While its successor “Oblivion” has its merits, we feel “The Elder Scrolls III: Morrowind” is the more significant title. You are a prisoner shipped off to the province of Morrowind, sent into a grand quest of prophecies, conspiracy, complex politics and general conflict... if you choose to get involved with the plot. The big draw of “Morrowind” was its grand and visually pleasing open-world, packed with side-quests that effectively tie into the larger goal and opportunities to enjoy the real-time stat-based combat. Different from previous entries, it was no less impressive for it.

#5: “Star Wars: Knights of the Old Republic” (2003)

A long time ago in a galaxy far, far away, an iconic RPG came into our midst. “Knights of the Old Republic”, set thousands of years before main Star Wars saga, put players in the role of a random Republic soldier slowly embroiled in the conflict between Jedi and Sith. The game's roots in Western role-playing were immediately apparent – from its turn-based combat, to the focus on improving character skills. Those gameplay elements mix well with memorable characters, diverse and aesthetically pleasing worlds to explore, and a story that delivers powerful twists while encapsulating the classic “Star Wars” charm.

#4: “Diablo II” (2000)

Epic quests and increased options abound, in this return to Tristram. “Diablo II” picks up after its predecessor, with a new group of heroes venturing out to prevent the return of the Prime Evils by destroying their soulstones. Where the sequel to “Diablo” truly shines, though, is in its gameplay – Blizzard North's patented action role-playing structure was expanded with elements such as a varied skill tree, item crafting, and the addition of stat-improving jewels and runes. Plus, the variety of explorable areas is quite impressive, from basic plains, to jungles, to even the depths of hell.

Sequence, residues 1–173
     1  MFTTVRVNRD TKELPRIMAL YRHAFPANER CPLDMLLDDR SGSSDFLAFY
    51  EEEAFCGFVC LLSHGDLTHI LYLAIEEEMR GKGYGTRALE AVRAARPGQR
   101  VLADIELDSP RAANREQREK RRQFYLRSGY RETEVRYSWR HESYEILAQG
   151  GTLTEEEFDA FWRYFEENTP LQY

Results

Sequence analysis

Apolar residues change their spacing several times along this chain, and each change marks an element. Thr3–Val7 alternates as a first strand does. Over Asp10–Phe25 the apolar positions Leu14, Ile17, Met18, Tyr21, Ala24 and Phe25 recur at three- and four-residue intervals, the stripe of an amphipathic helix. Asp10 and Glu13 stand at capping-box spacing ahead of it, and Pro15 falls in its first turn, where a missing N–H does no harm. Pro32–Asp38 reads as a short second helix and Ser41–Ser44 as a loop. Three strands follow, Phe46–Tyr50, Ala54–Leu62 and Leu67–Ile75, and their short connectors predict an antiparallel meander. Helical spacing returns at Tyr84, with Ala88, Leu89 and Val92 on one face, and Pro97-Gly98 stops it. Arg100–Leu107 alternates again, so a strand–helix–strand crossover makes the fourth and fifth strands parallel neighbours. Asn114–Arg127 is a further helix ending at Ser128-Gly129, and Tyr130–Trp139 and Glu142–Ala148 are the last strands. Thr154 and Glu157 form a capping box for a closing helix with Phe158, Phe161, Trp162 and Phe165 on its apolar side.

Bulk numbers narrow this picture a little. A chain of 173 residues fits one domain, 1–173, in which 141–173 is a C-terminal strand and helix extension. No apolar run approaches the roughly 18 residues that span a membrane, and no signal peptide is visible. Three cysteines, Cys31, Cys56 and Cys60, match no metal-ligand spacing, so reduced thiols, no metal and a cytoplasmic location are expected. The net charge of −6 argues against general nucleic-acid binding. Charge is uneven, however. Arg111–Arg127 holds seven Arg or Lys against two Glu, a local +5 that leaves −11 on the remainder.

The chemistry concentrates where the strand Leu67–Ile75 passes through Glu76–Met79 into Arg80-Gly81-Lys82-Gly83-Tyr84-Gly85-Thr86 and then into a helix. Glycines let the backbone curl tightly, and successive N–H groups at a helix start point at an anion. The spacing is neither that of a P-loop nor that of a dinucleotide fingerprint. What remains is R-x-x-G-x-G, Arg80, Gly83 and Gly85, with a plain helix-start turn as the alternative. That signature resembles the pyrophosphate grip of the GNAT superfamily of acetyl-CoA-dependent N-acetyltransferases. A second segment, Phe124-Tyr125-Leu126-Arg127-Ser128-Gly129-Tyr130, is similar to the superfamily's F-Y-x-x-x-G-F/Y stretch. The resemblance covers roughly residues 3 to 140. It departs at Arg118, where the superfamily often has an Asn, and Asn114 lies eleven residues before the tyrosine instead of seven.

#3: “Deus Ex” (2000)

Time for a good conspiracy. Developed by Ion Storm Austin, this cyberpunk-style RPG set much of the tone and style of future role-playing games. Its narrative was one of a world in turmoil, following the rookie JC Denton in a complex tale of treachery, manipulation, and corporate control. “Deus Ex” was built to be challenging, yet brimming with options; players could sneak past foes, rely on hacking and lockpicks, or simply blast their way through trouble. From its character customization to its dynamic story, choices were around every corner... and with them, fascinating consequences.

#2: “Baldur's Gate II: Shadows of Amn” (2000)

Once more, BioWare's impact is known. Opening shortly after the events of the original game, “Shadows of Amn” puts our hero Gorion's Ward in the midst of brewing conflict in the city of Athkatla. Using a variant of “Dungeons & Dragons” rules in its core design and relying on an isometric perspective, the game delivers a lengthy yet constantly engaging experience. With its emphasis on player-made characters, combat with plentiful strategic options, and an easy-to-follow plotline, “Shadows of Amn” walks the line between quality and quantity.

Before we unveil our top pick, here are a few honorable mentions:

“Fable II” (2008)
“Dragon Age: Origins” (2009)
“Jade Empire” (2005)
“Mount & Blade” (2008)

#1: “Fallout 3” (2008)

After years of waiting, another fitting sequel to “Fallout” emerges. “Fallout 3” marks the series' transition from isometric play to first-person action, while diverging from elements such as self-referential gags. Yet this change of formula resulted in one of the finest Western RPGs of the 2000s, with a grim yet engrossing setting in the Capital Wasteland and plenty of worthwhile side-quests. All of this wrapped around a story centred on a young Vault Dweller following in their father's footsteps, providing opportunities for all sorts of fun, engaging and diverse activities. Truly, it was worth the wait.

Do you agree with our list? What are your favorite Western RPGs from the 2000s? For more millennial-centric Top 10s published daily, be sure to subscribe to